The stench a mix of warm blood, faeces and upchuck laced with cordite.
If the marksmen have blinked back a tear when squeezing triggers – for only unhinged monsters can kill another defenceless human in cold blood without a ripple of revulsion – then an officer will have fired a final shot into the temple.
Hunters know that killing wounded animals this way bursts the brain and blows out the eyeballs on stalks like mushrooms. In a flash facial features become unrecognizable.
This is what the nurses will see as they lift the limp bodies. However ghastly the accidents they’ll attend in years ahead, the execution ground scene will stay bright, every line sharp, every color clear.
All other events are misadventures, acts of God. This one is deliberate. An inhuman act of man.
But we’re jumping ahead. Before the medics move a doctor has to pronounce death. Earlier he’d located the men’s still beating hearts with his stethoscope, a procedure we know well.
Is there any communication between professional and patient? Does he comfort by repeating the universal Doctor’s Lie - ‘this won’t hurt’ while ensuring the bull’s-eye is correctly placed?
Or does he, like the Singapore hangman Darsan Singh, whisper that they’re going to a better place?
Doctors graduate with the Hippocratic Oath. The structure varies but the heart of the matter lies in three simple words: Do No Harm.
Did the execution doctor swear so? If he uttered those sacred words will his conscience turn cancerous and gnaw away his insides to an early grave?
In 2008 Catholic priest Charlie Burrows witnessed the execution in Indonesia of two Nigerian drug traffickers. Later he told the Constitutional Court that the men were “moaning again and again for seven minutes” after being shot. He’s likely to be present. praying when Chan and Sukumaran die.
Will the gunmen light up a smoke and stroll across to view their handiwork? Unless they’ve served in West Papua the only objects in their sights till now have been cardboard cutouts shaped like a charging armed brute.
Now they’ve shot unthreatening prisoners tied to chairs and posts, rocking with terror. Close-ups of what an assault rifle can do will sear their souls.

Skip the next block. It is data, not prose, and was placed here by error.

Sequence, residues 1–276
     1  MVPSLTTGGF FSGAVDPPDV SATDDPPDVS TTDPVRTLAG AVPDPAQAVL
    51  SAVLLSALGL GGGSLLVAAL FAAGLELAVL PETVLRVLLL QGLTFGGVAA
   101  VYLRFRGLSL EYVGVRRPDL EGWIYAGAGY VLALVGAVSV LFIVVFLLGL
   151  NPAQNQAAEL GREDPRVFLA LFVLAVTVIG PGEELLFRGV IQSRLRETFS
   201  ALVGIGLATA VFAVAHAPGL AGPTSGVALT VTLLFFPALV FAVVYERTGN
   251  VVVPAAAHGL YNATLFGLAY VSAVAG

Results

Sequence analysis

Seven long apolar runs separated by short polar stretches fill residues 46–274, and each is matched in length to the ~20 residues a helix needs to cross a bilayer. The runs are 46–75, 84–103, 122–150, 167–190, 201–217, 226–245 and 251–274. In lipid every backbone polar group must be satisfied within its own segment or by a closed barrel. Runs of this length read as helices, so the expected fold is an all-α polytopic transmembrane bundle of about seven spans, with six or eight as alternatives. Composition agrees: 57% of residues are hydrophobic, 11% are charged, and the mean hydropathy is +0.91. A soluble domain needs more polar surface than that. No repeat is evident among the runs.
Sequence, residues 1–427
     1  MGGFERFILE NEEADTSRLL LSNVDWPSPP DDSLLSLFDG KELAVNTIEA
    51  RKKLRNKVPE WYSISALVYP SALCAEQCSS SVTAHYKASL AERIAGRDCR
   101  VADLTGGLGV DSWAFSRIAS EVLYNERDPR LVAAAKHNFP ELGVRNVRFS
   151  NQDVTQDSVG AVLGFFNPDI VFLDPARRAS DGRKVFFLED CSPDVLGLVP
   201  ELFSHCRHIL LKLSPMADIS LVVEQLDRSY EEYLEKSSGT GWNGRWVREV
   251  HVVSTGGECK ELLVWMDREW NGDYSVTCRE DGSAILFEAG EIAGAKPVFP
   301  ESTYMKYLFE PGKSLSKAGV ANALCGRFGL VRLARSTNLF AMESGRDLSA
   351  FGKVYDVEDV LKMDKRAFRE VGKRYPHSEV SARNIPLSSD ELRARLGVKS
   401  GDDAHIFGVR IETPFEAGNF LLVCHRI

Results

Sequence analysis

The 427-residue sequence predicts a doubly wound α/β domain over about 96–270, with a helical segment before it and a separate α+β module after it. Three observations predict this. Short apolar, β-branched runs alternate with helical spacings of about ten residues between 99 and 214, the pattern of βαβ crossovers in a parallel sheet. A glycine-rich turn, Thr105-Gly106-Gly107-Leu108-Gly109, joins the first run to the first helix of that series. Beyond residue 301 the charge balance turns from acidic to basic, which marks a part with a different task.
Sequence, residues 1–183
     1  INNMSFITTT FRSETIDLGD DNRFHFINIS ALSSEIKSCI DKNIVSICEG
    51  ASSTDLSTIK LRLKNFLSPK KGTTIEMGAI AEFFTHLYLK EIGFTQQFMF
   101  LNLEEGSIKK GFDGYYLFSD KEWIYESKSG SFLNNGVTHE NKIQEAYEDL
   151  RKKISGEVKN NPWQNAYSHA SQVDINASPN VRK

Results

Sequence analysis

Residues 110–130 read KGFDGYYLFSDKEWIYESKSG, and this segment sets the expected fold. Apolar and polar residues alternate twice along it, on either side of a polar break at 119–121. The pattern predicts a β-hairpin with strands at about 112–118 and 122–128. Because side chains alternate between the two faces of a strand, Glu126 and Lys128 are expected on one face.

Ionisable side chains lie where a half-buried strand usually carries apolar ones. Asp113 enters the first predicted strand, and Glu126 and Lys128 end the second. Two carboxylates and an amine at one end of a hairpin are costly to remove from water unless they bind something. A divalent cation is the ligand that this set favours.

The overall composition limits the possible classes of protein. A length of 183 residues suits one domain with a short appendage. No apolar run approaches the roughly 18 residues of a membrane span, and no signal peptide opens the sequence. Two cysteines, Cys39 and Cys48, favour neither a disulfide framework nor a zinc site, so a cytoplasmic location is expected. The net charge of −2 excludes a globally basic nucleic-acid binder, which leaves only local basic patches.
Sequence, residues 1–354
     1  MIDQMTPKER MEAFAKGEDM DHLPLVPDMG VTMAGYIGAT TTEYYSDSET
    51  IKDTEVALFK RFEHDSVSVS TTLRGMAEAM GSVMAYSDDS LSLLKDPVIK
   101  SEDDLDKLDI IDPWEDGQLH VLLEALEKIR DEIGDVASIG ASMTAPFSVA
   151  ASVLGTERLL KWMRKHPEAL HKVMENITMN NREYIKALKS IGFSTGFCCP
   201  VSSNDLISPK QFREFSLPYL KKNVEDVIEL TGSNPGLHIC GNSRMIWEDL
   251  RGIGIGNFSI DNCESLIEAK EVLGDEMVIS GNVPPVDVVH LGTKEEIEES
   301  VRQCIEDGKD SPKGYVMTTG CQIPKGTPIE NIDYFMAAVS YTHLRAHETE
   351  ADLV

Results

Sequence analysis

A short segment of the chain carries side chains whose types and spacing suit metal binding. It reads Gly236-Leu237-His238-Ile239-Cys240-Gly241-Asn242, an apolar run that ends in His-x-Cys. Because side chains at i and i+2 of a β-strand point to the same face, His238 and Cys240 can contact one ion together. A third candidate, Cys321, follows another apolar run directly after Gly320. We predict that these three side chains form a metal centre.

A step back from the hands-on procedures of judicial murder are the prison guards. Some have got to know the condemned men well. They’ve looked into their eyes, they’ve exchanged banter, and they’ve recognized fellow humans who made mistakes. Let he who hasn’t fire the first shot.
Do they not weep? For the condemned, themselves and their country, knowing all will be contaminated by this evil event.
Then the weaponry experts calculating the trajectory of death. They signed up for a career in military engineering, not a role in an abattoir. If they’ve chosen the site carefully the sand or soil should be sufficiently friable to soak up the blood.
Organizing a killing is like planning a wedding – making sure nothing can go wrong in the Unhappiest Day of Our Lives. This is the job of the lawyers and administrators who pledged to serve the community.
Participating in a project to kill wasn’t on their job description. When they lie with their wives in the joy of bringing new life into the world, will they falter because they’ve been cursed by helping end another?
How do all these brutalized people, the unwitting mechanics of murder following Jakarta’s orders, feel about capital punishment? In other countries they’d sue the State for exposure to such corrosive horrors.
At the head of this long line of victims stands President Joko ‘Jokowi’ Widodo, leader of the world’s third largest democracy, once keen to make it the world’s greatest, elected just last year on a wave of hope for change.
He could be an international statesman, a champion of human rights praised for his compassion and courage by eradicating capital punishment and accepting the wisdom of the 16th President of the United States.
For when he was about Jokowi’s age Abraham Lincoln gave a speech in Washington where he said: “I have always found that mercy bears richer fruits than strict justice”.
First published in On Line Opinion 3 March 2015. For comments see: